Cubs’ Opening Day and a word that can’t be uttered. Hint: It’s rebuild.

Cubs general manager Jed Hoyer recently drove from Arizona to Chicago with his dogs. I have to think that at some point during the journey he brought up what he calls the cyclical nature of baseball and that at least one of his pets replied, “You must be referring to the rebuild.”

“Rebuild” is not a word Hoyer recognizes because he knows a complete overhaul brings very little short- to midterm joy for fans and because he and ownership know that selling hope is smart business. The Cubs want butts in seats, and that requires at least the veneer of possibility. This being Wrigley Field, beer and sunshine would probably suffice, though.

As I was driving, dog-less, to the ballpark Thursday for Opening Day, a radio talk-show host said that the beauty of the 2022 season would be fans’ ability to watch the big-league club while monitoring the progress of the prospects in the minors. It might turn out to be something like 2013 or 2014, he said, when the Cubs stunk but Kris Bryant kept Cubs fans’ hearts warm by tearing up minor-league pitching.

If it walks like a rebuild and talks like a rebuild, it’s probably going to tank like a rebuild. Wait! I didn’t mean that! “Tank” is another outlawed word!

Nothing disguises a teardown like a victory in the opener, so the Cubs’ 5-4 victory over the Brewers and reigning National League Cy Young Award winner Corbin Burnes was something Cubs fans could cheer about in the moment. Rebuild? What rebuild?

It doesn’t really matter whether fans have the appetite for another journey into darkness. It’s here. The franchise’s payroll has gone from $221.6 million in 2019 to $141.8 million this year. From third highest out of 30 teams to 14th. From big-city Chicago to not-so-big Cincinnati.

If you thought you had given all the blood you could afford to give without dying during the rebuilding years of 2011-14, well, let’s take a look at the veins in your other arm. If you thought you had done enough for the cause, which led to the Cubs’ finally, finally winning a World Series in 2016, you seem to have been sadly mistaken.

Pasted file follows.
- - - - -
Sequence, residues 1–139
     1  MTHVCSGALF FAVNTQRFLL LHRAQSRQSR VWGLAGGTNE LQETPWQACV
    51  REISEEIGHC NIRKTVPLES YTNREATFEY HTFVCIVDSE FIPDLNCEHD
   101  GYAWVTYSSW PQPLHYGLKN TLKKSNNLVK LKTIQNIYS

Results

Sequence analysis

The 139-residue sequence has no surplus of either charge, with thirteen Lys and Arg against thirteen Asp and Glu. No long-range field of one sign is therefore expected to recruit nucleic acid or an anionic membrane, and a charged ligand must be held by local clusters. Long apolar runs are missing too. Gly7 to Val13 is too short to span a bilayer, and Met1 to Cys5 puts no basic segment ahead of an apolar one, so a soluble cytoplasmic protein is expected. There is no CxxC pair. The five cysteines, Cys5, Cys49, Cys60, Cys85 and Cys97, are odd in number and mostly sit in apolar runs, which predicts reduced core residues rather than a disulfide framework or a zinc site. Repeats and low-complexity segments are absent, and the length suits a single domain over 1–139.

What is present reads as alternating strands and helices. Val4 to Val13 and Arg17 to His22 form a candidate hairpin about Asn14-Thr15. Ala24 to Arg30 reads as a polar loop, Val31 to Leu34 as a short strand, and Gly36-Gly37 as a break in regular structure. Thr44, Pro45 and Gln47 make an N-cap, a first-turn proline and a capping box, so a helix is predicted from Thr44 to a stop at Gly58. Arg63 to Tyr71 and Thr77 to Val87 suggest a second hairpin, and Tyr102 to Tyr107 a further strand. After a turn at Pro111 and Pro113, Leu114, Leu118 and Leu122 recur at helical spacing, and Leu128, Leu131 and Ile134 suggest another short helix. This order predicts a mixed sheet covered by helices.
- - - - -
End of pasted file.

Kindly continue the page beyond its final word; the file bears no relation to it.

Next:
Whatever Hoyer wants to call it, he’s right about one thing: Teams are selling the idea that periodic, almost regularly scheduled ups and downs are part of doing business these days. When former Cubs president Theo Epstein unveiled his goal of “sustained success” in October, 2011, we thought he meant long-term success. It turned out to be four years of excellence.

“I don’t know what that (a rebuild) means,” Hoyer said. “Every team ends up in different cycles, whether it’s payroll cycles, whether it’s competitive cycles. Obviously we had an exceptionally successful group for seven years. Contractually, we weren’t able to keep that group together forever. So right now, we’re kind of in a different cycle. My goal would be to compete on the field but really try to build a farm system that can create something special like we did last time.”

That’s sounds a lot like what Epstein was pushing during his first spring training with the Cubs 10 years ago.

“There’s an opportunity for the fans to get in on the ground floor,” he said then. “We’re not asking them to be patient. We’re asking them to be demanding. They should expect a winner.

“… They can get invested with this 2012 club and the players, but they can also follow along with the way the organization is being built. Pay attention to the draft and the prospects.”

This is what modern baseball looks like and sounds like. A team says it has to part with stars it can’t pay anymore, then won’t use all the money it saved by trading those stars to sign more good players. No one says you fans have to like it. But the Cubs would like you to like it enough to buy tickets.

So, no, Hoyer was not talking about a rebuild before Thursday’s game. Except that he was. He said the 2022 Cubs would be a “scrappy group,” which is a baseball euphemism for “uh-oh.” He talked about the Cubs’ offseason signing of pitcher Marcus Stroman as proof it wasn’t all doom and gloom after the team’s trade of household names Bryant, Anthony Rizzo and Javy Baez last season. If it reminded you of Epstein’s enthusiasm for pitcher Edwin Jackson, his first major free-agent signing, no one would blame you.

The highlight of the Cubs’ offseason was the signing of Japanese star Seiya Suzuki to a five-year deal. The outfielder should be a Rookie of the Year candidate. Maybe he’ll become a cornerstone the way Rizzo became a cornerstone during the most recent lean, painful times. He picked up his first big-league hit, a single, in the fifth inning Thursday.

For now, Hoyer is rebranding a rebuild and calling it hope. Fewer stars mean more chances for non-stars to shine. Also, down is up.

“You want to give guys opportunities,” he said. “One of the things that’s really hard when you’re in kind of a winning mode, it’s hard to give guys opportunities. Some of the best stories you have and some of the real unearthed gems that you can have (come) by giving guys opportunities. I think we have a roster that we can do that.”

Stay strong, Cubs fans.

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